Are your teeth trying to tell you something?

Quite often when I ask a patient if they have any teeth bothering them, they will tell me that they have a bit of cold sensitivity. When your teeth and the mouth are healthy, there should not be any pain or sensitivity. There are so many advertisements and attention given to tooth sensitivity that I thought it would be beneficial for you to learn the truth about tooth sensitivity. So grit your teeth and get ready to chew on the sensitivity issue.

Why do advertisers play to our sensitivities? Because they know that we will buy any product that will relieve our pain. If there is relief for pain, then people will want it. And in their advertising, do they tell you why you are having pain? No, not really. The answer is complex and sometimes complicated. In fact it is so complicated, that I feel I am more of a detective than a dentist. Because the symptoms of the sensitivity are easy to treat, the products sell well. But the cause of the symptoms often goes untreated. Why, because if you can buy something that gets rid of the symptoms, why deal with the cause? That might be more involved. But wouldn’t it feel great to get rid of the problem for good?  It’s sometimes difficult to find to the cause of the pain and the person you should seek is the dentist.  But even some dentists placate the patient with symptom relief and don’t chase after the cause. So, what is the cause of tooth sensitivity? Lets get to the root of the problem.

First you have to understand how teeth have sensitivity. There are three layers to a tooth. The enamel, dentin, and pulp (nerve). The enamel is the hard white outside and the pulp is the soft mushy stuff deep inside. When you put cold things on your teeth, the change in temperature from your warm mouth to the cold ice creates a change in the inside of the tooth which starts at the surface enamel and penetrates to the pulp. Now, around the outside of your tooth  (in the root below the gums) are lots of little ligaments that connect your tooth to the jawbone. These ligaments can get irritated and cause pain, much like pain in your knee or shoulder or elsewhere in your body when they get irritated. So, there are really two paths your sensitivity may take.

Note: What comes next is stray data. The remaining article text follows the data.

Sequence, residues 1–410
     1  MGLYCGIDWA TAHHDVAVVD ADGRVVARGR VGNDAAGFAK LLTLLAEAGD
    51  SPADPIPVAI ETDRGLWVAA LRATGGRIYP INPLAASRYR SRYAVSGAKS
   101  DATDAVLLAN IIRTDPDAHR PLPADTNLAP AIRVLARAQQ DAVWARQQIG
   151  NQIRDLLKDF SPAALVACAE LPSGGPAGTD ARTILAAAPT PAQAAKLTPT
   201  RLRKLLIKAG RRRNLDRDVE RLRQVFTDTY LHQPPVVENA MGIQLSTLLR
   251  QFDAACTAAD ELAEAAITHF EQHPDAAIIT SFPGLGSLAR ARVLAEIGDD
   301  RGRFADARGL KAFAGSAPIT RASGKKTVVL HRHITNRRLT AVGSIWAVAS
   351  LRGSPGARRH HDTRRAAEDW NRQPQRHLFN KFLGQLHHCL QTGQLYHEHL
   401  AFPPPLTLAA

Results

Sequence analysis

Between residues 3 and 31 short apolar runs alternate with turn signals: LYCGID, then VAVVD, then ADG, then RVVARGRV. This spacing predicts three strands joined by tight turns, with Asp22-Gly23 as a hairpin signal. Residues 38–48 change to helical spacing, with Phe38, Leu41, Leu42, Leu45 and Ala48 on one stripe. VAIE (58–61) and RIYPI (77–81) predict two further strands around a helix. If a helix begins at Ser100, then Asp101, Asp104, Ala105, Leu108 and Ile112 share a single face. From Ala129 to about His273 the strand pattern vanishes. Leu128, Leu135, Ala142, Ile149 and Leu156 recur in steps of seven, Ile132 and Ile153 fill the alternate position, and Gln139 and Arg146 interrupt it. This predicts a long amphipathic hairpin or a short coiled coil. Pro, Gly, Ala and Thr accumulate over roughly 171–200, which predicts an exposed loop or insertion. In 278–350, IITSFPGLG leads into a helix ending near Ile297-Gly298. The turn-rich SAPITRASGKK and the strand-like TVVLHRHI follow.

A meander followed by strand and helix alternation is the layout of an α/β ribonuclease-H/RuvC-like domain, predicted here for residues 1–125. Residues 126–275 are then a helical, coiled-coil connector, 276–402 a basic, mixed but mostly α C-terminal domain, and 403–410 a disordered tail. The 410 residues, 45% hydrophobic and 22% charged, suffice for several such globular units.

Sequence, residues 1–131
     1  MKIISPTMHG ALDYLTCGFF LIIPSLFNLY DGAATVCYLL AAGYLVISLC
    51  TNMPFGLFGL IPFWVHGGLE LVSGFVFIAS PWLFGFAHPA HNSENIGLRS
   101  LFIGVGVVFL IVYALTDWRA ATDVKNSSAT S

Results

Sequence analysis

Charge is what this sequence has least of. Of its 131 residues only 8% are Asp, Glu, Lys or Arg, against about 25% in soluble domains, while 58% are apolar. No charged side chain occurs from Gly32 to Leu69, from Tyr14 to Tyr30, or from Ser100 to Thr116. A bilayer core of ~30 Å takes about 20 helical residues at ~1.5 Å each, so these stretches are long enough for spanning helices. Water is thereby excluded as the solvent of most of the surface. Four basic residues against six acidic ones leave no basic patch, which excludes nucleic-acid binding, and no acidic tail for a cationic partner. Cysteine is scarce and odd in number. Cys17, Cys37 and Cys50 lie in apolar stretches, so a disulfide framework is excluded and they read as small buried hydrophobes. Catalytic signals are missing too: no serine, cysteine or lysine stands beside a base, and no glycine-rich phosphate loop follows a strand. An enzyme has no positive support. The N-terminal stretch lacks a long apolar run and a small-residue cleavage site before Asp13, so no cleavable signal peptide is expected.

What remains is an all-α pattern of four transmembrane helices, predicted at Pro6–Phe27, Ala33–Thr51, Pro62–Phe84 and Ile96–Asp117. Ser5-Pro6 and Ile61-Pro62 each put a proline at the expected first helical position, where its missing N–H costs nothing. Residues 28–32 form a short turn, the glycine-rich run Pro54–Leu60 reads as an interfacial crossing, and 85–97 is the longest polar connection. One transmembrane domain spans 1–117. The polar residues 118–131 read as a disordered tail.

Now, say you have a heavy hand and like to brush really hard with your tooth brush. By the way, hard brushing won’t get your teeth any cleaner than softer brushing. If you brush in a back and forth motion (not up and down) hard enough for a long time, you will wear away the enamel part of your tooth and sometimes the gums. When this happens you expose the softer layer under the enamel, the dentin. The dentin is like a superhighway to the pulp. And when cold touches that, YEOW- pain follows. So, the big toothpaste companies figured out how to make a toothpaste that would plug the superhighways up like I-93 in Boston at 5 o’clock on a Friday. That’s what you buy to get rid of the sensitivity. Now, you don’t have to be a dentist to start thinking, “If I could put back that part of enamel that I’ve been giving the brush-off to, then I wouldn’t have to keep using this awful tasting toothpaste.” That’s right, the dentist  could put some filling in that area that was brushed away and get rid of the sensitivity for good. Wow, how about that? They won’t tell you that on T.V. because you won’t need their product.

The other path of sensitivity involves something different. The ligaments. Well, if you have the habit of clenching or grinding your teeth, you find yourself avoiding certain areas of your mouth because of sensitivity. Many people don’t know, and often deny the fact that they clench and grind. I can tell just by looking at your teeth if you are a clencher/grinder. That’s the detective work I do.  What happens is that as you clench or grind your teeth for several hours at night and sometimes during the day, you exert a LOT of force into your jaw. Those ligaments that connect your teeth to the jaw don’t like that. They get a little upset and become inflamed. This causes the teeth to hit harder when you chew. Which, in turn gets the pulp (the nerve inside) irritated and makes you sensitive to temperature changes. For this, you could spend tons of money on toothpastes and mouth rinses to eliminate the sensitivity. None of which will work very well. So you will get some relief, but you haven’t really addressed the cause. So, if you want to find the cause, what do you do? That’s right, find the tooth detective. Get the CSI mouth team. (CSI- cause of sensitivity issue). Well, the dental detectives would look inside, gather evidence, ask questions, and finally come up with cause, and offer treatment to correct it. That’s what we do. What is it that makes us grind our teeth? We don’t know for sure. If we did, the big companies would have made a pill for it. But we know how to eliminate or at least greatly relieve it. To get rid of this kind of pain could be as simple as making a mouthguard to wear at night or as complicated as rebuilding the whole mouth.

The bottom line of this story is that the longer you wait to address the cause of your pain, the more costly and involved the solution will be. By buying all those well advertised products, you are buying time in relieving pain, but you’ll be damaging your oral health and not treating the cause. I hope you find the right people to help your mouth get back to health and stop the sensitivity.

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